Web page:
This Turkey Noodle Soup recipe is the perfect recipe to warm you up on a cold day. Use leftover turkey or boil a quick turkey breast for soul warming soup.
What's In This Article
Leftover Turkey Soup
The winter months are upon us and I crave a warm bowl of soup when the chill hits. Leftover turkey noodle soup is the perfect (and quick) way to warm your soul. Full of veggies, savory broth, tender turkey and pearls of pasta.
Most people think of chicken noodle soup as the “food for the soul” but turkey noodle soup is just as good!
You can choose to use leftover homemade turkey or grab a large turkey breast at the store. Even though I wouldn’t suggest this on the regular, boiling it is the best way to go.
Trim excess fat, cut into large chunks and boil until cooked. You can also use cooked turkey or rotisserie chicken from the store, although now it is chicken soup.
While very similar, I substituted turkey broth, turkey (clearly) and pearl couscous for egg noodles.
Another bonus? My version has such a thick and robust turkey stock, that the actual soup only takes 20 minutes to prepare! If you don’t feel like making your own, grab some at the store.
Chicken or vegetable stock/broth is a good substitute as well.
To make this soup super easy and fast, I use frozen vegetables. While many folks look at me like I am crazy, frozen veggies are actually the way to go.
Frozen vegetables are flash frozen right after harvesting which means they retain vitamins and minerals. Potentially even more than the fresh ones at the store.
They are already prepped, chopped and ready to go so you won’t have to cook the soup longer to get them soft.
After you add them, they will defrost in about 3-4 minutes, but also take down the overall temperature of the soup since you are essentially dropping in several cups of ice cubes. Give it all a minute to come up to piping hot again and you’ll be ready to serve.
Snappy veggies, flavorful broth and virtually zero prep time.
What if I want to use fresh vegetables? Go for it! Use the same 3 cups of chopped fresh vegetables instead of frozen.
Rutabaga, parsnip and turnips are all great in additional to the regular crew. But instead of adding the vegetables after couscous, add them before and simmer until soft, but still taunt. Then add couscous for 5 minutes.
Most noodle soups use wide egg noodles or small pasta shapes like ditalini. I wanted to be a little different and after using larger couscous in Italian Seafood Stew, I figured I’ve give them a whirl in turkey soup too.
Pearl couscous, also known as Israeli couscous, are larger balls of pasta about the size of a pearl. These are tri-colored so they add gorgeous hues to an already bright pasta.
I prefer them because instead of eating a slurpy, messy pasta, you get a nice dainty bite. You can, of course, still use any pasta of choice. Adjust cooking times based on your pick.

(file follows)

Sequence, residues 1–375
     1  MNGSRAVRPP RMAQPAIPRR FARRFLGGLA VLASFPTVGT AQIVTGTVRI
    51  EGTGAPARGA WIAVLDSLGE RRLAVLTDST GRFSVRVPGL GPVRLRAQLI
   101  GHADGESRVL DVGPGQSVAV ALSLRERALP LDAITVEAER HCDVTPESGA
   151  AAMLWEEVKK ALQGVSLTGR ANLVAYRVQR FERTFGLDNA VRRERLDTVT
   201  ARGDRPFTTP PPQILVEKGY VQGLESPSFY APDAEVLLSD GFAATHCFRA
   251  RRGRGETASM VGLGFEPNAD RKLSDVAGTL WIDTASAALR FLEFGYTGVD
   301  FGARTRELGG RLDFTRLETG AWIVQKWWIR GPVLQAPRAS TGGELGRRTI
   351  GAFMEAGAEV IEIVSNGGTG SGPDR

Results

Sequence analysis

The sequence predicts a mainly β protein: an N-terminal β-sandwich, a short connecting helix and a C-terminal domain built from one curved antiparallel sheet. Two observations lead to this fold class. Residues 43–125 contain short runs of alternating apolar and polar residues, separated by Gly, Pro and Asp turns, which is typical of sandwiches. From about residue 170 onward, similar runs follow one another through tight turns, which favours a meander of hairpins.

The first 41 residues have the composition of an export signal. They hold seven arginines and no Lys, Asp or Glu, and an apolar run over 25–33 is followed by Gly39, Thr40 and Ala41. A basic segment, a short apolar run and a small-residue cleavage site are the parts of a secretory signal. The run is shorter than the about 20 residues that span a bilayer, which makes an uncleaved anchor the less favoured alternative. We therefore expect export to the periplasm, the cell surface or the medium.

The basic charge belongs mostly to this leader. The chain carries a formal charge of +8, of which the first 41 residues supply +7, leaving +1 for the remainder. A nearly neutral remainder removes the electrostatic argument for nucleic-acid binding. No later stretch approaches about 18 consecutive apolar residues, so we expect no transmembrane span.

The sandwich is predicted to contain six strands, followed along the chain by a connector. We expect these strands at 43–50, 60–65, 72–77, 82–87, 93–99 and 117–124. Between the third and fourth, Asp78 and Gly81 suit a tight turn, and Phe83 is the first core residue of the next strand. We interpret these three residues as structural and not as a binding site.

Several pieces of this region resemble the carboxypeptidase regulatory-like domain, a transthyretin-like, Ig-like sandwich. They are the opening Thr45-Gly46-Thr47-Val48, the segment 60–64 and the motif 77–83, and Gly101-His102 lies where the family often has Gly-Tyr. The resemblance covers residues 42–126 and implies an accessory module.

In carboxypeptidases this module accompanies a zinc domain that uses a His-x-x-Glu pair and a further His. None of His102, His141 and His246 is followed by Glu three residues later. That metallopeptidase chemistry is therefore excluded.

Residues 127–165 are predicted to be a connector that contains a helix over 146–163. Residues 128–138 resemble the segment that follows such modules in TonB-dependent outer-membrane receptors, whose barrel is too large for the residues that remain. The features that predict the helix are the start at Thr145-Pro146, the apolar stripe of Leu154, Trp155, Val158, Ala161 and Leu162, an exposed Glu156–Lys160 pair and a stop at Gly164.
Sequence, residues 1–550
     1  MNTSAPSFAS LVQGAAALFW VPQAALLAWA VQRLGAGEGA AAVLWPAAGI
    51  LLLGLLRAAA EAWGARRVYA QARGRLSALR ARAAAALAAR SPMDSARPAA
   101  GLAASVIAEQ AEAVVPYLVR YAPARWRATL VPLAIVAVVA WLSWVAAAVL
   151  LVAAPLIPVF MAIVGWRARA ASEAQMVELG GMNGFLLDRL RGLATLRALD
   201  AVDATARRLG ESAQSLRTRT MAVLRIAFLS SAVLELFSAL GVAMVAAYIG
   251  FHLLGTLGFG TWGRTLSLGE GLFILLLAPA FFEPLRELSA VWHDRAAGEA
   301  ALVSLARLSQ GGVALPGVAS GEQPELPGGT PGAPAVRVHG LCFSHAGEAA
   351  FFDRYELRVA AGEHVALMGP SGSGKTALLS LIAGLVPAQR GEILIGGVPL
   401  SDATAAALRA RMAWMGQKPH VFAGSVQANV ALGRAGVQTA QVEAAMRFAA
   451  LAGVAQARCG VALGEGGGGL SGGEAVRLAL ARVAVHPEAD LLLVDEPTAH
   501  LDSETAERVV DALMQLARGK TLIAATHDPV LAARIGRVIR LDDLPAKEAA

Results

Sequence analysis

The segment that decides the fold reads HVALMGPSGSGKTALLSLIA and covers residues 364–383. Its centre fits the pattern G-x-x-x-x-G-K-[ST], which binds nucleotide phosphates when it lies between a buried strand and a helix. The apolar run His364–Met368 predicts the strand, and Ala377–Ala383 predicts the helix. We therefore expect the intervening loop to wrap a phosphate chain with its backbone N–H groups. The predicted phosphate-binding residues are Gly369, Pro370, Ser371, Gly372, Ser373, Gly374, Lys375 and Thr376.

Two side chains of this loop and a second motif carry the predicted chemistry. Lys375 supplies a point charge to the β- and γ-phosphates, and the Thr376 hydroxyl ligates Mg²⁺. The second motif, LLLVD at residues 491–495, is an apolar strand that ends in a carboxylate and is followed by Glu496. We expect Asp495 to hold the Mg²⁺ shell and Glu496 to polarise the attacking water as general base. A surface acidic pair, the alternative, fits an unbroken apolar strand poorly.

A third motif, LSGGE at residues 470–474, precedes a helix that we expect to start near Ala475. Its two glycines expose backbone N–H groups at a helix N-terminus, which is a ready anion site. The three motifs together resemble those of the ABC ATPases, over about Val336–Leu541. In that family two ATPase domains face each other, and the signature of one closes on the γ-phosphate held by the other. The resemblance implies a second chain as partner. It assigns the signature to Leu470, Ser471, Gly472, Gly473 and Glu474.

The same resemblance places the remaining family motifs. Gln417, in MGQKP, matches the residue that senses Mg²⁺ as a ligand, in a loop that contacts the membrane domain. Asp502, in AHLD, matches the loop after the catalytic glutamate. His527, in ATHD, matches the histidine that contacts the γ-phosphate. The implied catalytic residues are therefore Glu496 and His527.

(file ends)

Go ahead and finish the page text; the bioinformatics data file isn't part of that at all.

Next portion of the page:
You’ll notice that my version of turkey noodle soup doesn’t have much seasoning and I’ll tell you why.
Most of the time, I use leftover turkey and the turkey has already been seasoned, so it doesn’t require much more flavor. But it is also due to my secret ingredient that adds pizazz to any soup.
Just 2-3 tablespoons, a generous splash, of something acidic like lemon juice or vinegar, will brighten any soup broth. I used apple cider vinegar for mine.
The crouton topping also lends flavor and textural variety although with salt and pepper, of course.
But if you want even more, try adding 1 tablespoon of basil pesto or even hummus. A shake of aleppo or crushed red pepper flakes will give you a nice heat too. These can be served on the side.
One bay leave while simmering gives a little lunch too. Flavored olive oil can be drizzled on top while plating.
While soup is delicious without any additional toppings, I like to have some texture in mine so I used croutons.
Grab store bought in your favorite flavors like ranch or garlic. My leftover hot dog bun croutons are a good pick, but so are garlic dill oyster crackers and ranch oyster crackers.
Parmesan cheese is my go-to, but I just tried this soup with feta and is was pretty amazing too. You can also omit the cheese altogether.
Storage & Freezing
If you are making ahead, put together the broth, turkey and veggies, but wait to add pasta. Pasta tends to absorb even more of the broth and get a little soggy. Or you can cook the pasta separate and then just combine when ready to serve.
Make sure you place any leftovers in an oversized container because they continue to swell and get even larger!
If you are planning to make your own turkey stock, prepare it the day before and make sure to read my tips for how to make stock. Otherwise, use a store bought stock or broth, either chicken or turkey will do.
More easy turkey recipes:
- Spicy Honey Grilled Turkey
- Grilled Turkey Zucchini Boats
- Turkey, Swiss and Cranberry Mayo Roll-Ups
- Orange Thyme Turkey- The Best Roasted Turkey Recipe
- Creamy Turkey Soup
Turkey Noodle Soup
- 3 cups turkey ,cooked and shredded or cubed
- 10 cups turkey stock
- 1 1/4 cups tri-colored Pearl couscous
- 4 cups frozen mixed vegetables*
- 1 teaspoon ground black pepper
- 1 teaspoon coarse Kosher salt
- 3 tablespoons apple cider vinegar
- 1 cups croutons
- 1/2 cup Parmesan cheese , finely shredded
- Heat turkey stock with turkey in a large Dutch oven over medium heat for approximately 10 minutes, or when it arrives at a simmer.
- Add pearl couscous, cooking for 5 minutes. Add frozen vegetables, ground black pepper and Kosher salt. Cook an additional 5 minutes.
- Right before serving, add apple cider vinegar.
- Ladle into bowls and top with croutons and parmesan cheese.
- If you've tried this recipe, come back and let us know how it was in the comments or ratings.
Brilliant idea to add pearl couscous. Makes this soup all the more delicious!
This is just what I need on cool Fall days! So delicious and healthy!